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Drug schedules are important in many drug cases

Many drugs are divided into specific schedules that are included in the Controlled Substances Act. This law was implemented in 1970 by President Richard Nixon in an effort to make the hundreds of drug laws on the books easier to keep track of.

As a result of the CSA, there are five schedules that are based on the medical benefits and potential for abuse. The lower the number, the more addictive the drug and the less likely it is to have any medical benefits.

Surprisingly, marijuana falls into Schedule 1 along with heroin and LSD. This means that there aren't government recognized medical benefits and that the drug is considered highly addictive.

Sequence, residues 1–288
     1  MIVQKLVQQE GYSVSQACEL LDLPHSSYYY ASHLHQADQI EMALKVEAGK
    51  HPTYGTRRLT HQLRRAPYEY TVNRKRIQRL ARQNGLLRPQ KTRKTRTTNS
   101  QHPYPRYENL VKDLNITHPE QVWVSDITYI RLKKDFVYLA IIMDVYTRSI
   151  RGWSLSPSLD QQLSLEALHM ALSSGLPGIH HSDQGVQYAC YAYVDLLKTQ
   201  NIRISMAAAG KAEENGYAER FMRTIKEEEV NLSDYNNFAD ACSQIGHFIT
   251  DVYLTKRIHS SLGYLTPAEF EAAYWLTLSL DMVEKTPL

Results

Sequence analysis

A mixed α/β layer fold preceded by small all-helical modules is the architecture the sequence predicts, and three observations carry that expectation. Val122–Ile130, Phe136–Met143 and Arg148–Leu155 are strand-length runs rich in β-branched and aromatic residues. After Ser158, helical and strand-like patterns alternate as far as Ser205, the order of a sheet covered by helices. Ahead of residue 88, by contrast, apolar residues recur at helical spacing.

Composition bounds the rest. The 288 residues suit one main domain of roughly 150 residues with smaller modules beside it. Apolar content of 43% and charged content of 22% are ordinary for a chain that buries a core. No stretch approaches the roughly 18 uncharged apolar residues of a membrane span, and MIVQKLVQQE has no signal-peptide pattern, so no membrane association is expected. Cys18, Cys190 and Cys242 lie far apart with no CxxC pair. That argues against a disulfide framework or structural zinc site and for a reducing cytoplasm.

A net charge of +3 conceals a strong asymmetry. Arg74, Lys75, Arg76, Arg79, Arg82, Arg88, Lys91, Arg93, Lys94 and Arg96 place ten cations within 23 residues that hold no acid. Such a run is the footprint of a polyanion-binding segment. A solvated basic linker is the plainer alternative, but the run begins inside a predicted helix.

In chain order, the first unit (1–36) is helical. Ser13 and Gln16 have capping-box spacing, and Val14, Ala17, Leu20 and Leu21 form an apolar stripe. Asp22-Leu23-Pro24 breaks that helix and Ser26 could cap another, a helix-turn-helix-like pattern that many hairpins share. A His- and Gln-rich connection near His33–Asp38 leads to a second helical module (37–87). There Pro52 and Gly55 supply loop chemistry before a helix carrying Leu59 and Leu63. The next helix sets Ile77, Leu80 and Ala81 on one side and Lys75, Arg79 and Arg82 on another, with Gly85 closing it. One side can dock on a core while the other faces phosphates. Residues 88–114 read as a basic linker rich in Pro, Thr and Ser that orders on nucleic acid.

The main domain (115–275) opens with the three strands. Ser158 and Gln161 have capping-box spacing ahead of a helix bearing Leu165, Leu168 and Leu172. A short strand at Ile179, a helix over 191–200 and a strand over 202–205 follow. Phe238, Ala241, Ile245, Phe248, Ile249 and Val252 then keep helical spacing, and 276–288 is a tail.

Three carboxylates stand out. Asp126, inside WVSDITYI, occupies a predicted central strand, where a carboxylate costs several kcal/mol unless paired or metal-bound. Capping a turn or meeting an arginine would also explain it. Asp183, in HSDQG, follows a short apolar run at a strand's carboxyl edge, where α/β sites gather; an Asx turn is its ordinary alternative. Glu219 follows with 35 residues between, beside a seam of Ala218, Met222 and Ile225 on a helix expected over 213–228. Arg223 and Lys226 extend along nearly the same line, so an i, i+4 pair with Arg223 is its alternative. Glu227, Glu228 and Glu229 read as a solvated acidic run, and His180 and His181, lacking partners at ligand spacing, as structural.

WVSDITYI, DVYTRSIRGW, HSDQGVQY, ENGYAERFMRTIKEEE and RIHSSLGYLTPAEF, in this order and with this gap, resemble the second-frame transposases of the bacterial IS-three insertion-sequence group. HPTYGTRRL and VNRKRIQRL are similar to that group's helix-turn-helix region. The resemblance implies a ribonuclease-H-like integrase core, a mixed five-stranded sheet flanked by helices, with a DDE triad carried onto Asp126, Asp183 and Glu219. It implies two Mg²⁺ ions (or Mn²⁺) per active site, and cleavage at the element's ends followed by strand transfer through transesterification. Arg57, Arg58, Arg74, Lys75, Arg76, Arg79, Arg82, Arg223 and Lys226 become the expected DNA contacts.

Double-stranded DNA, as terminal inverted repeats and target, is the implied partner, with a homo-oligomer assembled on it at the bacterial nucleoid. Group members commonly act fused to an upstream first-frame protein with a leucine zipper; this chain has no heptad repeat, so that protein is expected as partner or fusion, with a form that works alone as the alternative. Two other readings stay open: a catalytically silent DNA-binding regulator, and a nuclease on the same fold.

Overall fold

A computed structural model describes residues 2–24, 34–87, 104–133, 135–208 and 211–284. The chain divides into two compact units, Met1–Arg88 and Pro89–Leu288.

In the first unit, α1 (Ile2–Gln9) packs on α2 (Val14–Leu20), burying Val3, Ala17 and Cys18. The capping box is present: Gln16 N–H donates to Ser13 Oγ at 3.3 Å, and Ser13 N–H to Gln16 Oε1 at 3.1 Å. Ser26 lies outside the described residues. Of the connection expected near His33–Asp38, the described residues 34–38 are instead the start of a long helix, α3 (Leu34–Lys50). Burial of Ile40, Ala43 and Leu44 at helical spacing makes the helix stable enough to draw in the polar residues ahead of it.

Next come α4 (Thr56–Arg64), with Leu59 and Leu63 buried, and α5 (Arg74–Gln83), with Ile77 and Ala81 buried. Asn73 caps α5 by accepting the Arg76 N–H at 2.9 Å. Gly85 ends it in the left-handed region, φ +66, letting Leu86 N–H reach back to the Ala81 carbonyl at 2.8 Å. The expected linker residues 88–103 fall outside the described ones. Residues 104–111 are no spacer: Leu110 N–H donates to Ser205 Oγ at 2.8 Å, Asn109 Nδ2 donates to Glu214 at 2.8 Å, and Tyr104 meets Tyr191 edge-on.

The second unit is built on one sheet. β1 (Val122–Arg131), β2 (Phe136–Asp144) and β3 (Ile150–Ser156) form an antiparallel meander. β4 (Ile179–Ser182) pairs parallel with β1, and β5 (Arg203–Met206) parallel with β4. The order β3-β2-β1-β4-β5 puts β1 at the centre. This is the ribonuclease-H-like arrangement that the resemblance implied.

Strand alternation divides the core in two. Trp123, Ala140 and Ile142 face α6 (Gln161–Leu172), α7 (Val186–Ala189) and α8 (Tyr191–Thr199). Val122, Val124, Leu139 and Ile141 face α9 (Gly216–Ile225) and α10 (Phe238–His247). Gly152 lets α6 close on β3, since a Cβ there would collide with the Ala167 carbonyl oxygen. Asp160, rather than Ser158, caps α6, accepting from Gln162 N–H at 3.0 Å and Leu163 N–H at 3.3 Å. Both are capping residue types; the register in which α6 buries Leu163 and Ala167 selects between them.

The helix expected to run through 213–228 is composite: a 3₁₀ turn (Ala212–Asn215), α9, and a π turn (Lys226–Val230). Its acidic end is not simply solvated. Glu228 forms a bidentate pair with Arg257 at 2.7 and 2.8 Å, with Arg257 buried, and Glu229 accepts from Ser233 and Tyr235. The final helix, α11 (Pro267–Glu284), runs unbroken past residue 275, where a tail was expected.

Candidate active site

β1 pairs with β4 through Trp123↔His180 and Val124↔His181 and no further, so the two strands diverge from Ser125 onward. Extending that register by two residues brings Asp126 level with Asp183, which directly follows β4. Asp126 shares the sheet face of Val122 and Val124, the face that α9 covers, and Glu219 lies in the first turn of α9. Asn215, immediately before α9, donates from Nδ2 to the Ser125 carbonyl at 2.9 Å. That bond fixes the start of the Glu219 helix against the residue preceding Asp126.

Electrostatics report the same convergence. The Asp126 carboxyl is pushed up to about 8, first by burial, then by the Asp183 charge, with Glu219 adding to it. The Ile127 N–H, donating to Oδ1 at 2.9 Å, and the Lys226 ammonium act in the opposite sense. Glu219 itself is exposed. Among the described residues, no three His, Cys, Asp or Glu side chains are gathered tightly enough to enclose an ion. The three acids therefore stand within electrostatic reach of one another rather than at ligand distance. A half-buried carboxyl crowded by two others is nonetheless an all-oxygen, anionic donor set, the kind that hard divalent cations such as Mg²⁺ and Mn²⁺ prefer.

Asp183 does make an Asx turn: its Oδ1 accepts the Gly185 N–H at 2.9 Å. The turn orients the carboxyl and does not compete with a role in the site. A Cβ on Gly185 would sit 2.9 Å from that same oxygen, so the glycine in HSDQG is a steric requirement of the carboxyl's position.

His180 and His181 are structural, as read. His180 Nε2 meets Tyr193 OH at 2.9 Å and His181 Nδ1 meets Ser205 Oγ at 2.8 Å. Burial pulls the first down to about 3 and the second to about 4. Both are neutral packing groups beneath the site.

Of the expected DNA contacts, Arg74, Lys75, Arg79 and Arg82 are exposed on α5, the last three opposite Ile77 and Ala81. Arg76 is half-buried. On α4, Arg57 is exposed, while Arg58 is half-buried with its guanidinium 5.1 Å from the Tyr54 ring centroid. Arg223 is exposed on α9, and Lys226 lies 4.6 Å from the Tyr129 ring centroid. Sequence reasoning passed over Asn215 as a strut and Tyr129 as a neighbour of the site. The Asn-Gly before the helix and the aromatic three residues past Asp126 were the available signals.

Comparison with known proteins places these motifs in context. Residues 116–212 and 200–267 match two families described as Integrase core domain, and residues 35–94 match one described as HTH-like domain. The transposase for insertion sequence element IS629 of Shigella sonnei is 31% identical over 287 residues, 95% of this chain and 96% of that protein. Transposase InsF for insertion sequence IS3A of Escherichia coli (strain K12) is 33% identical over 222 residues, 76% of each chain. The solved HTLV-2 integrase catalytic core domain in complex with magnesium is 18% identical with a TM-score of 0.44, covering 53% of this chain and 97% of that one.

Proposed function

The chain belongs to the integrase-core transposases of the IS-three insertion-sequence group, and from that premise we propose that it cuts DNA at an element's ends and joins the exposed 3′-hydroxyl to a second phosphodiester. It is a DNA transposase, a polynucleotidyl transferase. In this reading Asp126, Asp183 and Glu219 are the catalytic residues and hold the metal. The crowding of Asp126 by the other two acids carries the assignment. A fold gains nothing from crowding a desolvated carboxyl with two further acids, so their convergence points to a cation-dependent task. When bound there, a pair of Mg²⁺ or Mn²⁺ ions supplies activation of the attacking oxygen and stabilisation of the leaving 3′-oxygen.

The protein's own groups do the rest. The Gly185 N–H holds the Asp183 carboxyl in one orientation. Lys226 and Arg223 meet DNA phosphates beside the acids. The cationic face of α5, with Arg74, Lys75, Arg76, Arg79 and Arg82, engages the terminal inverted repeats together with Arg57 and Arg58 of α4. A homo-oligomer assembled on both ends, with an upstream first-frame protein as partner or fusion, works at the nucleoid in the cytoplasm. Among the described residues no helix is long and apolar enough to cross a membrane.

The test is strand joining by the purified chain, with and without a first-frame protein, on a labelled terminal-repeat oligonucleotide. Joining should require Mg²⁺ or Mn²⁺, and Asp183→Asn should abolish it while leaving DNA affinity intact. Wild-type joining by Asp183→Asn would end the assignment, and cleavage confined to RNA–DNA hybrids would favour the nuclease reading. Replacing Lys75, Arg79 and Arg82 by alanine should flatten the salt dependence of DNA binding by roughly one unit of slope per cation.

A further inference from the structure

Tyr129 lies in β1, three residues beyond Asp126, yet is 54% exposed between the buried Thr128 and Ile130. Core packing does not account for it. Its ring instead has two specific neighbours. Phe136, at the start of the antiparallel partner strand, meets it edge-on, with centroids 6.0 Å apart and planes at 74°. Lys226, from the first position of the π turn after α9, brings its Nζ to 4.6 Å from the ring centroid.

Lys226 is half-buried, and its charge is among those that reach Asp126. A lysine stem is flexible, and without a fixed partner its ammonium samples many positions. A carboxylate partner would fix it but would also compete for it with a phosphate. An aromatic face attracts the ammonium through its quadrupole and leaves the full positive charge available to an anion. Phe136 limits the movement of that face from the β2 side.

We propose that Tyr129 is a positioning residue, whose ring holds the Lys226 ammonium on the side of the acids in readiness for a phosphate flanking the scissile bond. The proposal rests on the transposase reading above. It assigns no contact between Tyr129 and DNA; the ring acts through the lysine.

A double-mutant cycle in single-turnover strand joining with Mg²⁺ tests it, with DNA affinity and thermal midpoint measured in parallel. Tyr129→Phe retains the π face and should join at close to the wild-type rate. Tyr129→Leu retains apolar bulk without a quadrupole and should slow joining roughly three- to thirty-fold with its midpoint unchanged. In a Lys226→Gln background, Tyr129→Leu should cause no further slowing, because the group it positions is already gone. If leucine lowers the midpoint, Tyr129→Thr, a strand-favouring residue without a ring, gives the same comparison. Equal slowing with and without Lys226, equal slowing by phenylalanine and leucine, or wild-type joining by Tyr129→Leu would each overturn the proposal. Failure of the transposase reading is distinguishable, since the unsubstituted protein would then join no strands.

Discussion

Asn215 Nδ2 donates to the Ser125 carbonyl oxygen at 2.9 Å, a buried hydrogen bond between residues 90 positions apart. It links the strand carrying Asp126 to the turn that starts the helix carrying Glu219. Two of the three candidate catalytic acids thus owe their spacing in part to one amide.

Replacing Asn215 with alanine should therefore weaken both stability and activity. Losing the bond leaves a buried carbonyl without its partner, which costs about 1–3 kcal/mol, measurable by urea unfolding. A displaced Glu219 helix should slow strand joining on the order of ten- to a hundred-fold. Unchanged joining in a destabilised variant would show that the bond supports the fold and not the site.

Cocaine and morphine both fall into Schedule 2. Even though this is the case, you likely won't find a doctor who will prescribe cocaine to you, but morphine might be prescribed.

Vicodin and anabolic steroids are both in Schedule 3. Some anti-nausea drugs, such as Marinol, are also in this category.

Sleep aids like Ambien are in Schedule 4. Valium and Xanax are also in this one.

Some cough suppressants, such as those that contain codeine, are in Schedule 5. Lyrica also falls into this one.

There are many drug laws that are based on the schedule that the substance falls under. Typically, the penalties are harsher for drugs that are in the lower-numbered schedules. If you are facing drug charges, you should find out if this classification is going to have an impact on your case. You can then move forward planning your defense based on that information.

Source: FindLaw, "The Controlled Substances Act (CSA): Overview," accessed May 18, 2018

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